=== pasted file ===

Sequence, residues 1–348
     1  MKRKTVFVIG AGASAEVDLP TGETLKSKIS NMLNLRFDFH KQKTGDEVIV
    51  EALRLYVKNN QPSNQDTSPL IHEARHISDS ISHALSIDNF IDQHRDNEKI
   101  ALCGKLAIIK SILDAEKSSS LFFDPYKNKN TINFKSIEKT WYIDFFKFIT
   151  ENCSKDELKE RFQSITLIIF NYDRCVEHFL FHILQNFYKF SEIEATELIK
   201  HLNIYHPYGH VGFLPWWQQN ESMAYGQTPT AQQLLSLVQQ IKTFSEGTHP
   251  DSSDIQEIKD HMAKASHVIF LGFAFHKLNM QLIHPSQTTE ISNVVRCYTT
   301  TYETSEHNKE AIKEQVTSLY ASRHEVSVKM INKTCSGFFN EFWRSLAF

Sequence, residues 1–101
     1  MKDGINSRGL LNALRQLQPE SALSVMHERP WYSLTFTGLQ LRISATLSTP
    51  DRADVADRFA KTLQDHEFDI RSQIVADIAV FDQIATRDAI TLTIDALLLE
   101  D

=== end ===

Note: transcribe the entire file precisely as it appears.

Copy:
Sequence, residues 1–348
     1  MKRKTVFVIG AGASAEVDLP TGETLKSKIS NMLNLRFDFH KQKTGDEVIV
    51  EALRLYVKNN QPSNQDTSPL IHEARHISDS ISHALSIDNF IDQHRDNEKI
   101  ALCGKLAIIK SILDAEKSSS LFFDPYKNKN TINFKSIEKT WYIDFFKFIT
   151  ENCSKDELKE RFQSITLIIF NYDRCVEHFL FHILQNFYKF SEIEATELIK
   201  HLNIYHPYGH VGFLPWWQQN ESMAYGQTPT AQQLLSLVQQ IKTFSEGTHP
   251  DSSDIQEIKD HMAKASHVIF LGFAFHKLNM QLIHPSQTTE ISNVVRCYTT
   301  TYETSEHNKE AIKEQVTSLY ASRHEVSVKM INKTCSGFFN EFWRSLAF

Sequence, residues 1–101
     1  MKDGINSRGL LNALRQLQPE SALSVMHERP WYSLTFTGLQ LRISATLSTP
    51  DRADVADRFA KTLQDHEFDI RSQIVADIAV FDQIATRDAI TLTIDALLLE
   101  D